• Had a cup of hot coffee
  • Sat in silence
  • Remarked on the quiet of home to my other half
  • Put a load of washing on (aiming to do at least 2 today!)
  • Got the vacuum and steam cleaner out and CLEANED MY FLOORS! They will stay clean until approximately 4.05pm, around 10 minutes after we have got home!

I do this every start of term: reclaim the house, clear away the grime of the last few months of having the children home all the time and not getting time to do anything other than the basics.

Of course not everything is the same. My husband gave up his office to work at home, so he is upstairs working rather than me having the house to myself. My children are going back to a familiar but different environment and I am a little nervous about how things will be, this term especially- how long will they actually be in school for? Will there be more home schooling? Will they be healthy? Will they unknowingly bring illness home with them? But the calculated risk of them returning to some normality, getting to play with friends and children who don’t mind play fighting as superheroes, learning, seeing people who are not their family, is worth it I think. I think.

This time last year I had a part time job teaching music to babies, toddlers and pre-schoolers. My first job since having the children and one I loved. I am not working there any more and will miss seeing the children and their families very much. But I am very excited to see what I can do with this blog.

There are so many challenges ahead for arts organisations of all genres right now. The devastating impact that Covid-19 has had on the performing arts sector in this country, the impact on people’s finances as a result maybe meaning that parents are less easily able to afford to take their children to play groups or baby music classes, or to afford individual instrumental teaching. Some of the things I have heard in the news about schools maybe being encouraged to “concentrate on core subjects”. The difficulties music teachers will have with teaching classes next door to other subject teachers and not in their own dedicated space where they don’t have to worry about the noise they make. Concerns that have been raised about the heightened risks of loud talking or singing.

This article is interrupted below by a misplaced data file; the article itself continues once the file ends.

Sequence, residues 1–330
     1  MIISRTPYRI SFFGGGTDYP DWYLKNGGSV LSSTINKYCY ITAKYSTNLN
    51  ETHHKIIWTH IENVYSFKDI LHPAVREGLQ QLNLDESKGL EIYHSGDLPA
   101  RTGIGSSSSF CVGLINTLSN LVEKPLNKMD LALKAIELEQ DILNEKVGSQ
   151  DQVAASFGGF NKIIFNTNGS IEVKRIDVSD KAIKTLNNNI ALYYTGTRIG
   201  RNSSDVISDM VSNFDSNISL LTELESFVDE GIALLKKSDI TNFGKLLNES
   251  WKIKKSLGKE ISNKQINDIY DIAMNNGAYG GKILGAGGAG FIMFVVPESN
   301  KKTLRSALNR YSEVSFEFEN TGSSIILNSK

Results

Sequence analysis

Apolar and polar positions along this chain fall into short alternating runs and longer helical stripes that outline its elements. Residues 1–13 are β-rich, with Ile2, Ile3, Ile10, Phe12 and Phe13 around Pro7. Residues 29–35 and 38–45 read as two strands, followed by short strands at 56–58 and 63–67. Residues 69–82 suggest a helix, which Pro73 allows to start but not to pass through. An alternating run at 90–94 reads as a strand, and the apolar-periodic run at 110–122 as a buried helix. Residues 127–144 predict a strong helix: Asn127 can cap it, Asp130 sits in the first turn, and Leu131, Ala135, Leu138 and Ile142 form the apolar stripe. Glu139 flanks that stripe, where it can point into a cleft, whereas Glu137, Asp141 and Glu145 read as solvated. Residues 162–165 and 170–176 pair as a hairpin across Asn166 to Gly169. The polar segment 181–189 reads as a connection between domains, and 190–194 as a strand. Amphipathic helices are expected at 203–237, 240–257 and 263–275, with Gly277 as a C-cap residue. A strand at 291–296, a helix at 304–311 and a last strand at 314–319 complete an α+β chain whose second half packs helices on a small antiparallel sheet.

This will all have an impact on children and young people’s ability to experience music and what it can do for them, how it can help them. I hope, with this blog that I will be able to help those of you out there who want to help foster a love of music in your children- whether that be as a musician themselves or as a keen audience member at whatever concerts or gigs they prefer.

I am spending the next few days planning what I want to do with this blog this year: posts about different instruments, playlists you can listen to with your children, musical games you could play together, posts about the benefits of music education and exposure for children etc. If there is anything you would like to see covered here, let me know and I will see what I can do.

For today, though, I shall enjoy the quiet and maybe go and play without one of my children telling me to be quiet or joining in!


Learning to love music

It is a fairly common idea that in order to become a professional musician a child will have amassed 10,000 hours worth of practice by the time they are starting music school.

Photo by Pok Rie on Pexels.com

When I was a child I did not spend the hours required practising and I am not a concert standard professional musician, so I may well be proof of that statement. Music, and working at the physical, repetitive aspects of music and becoming a musician did not click for me until I was 11 years old. Before then I took music lessons, enjoying performing for my parents or anyone foolish enough to let me play for them, but did not practise. I did, however, learn to love music and that is probably why, although I am not a professional concert or orchestral musician, I am someone who has worked with and around music for most of my working life. I put that down to a couple of things: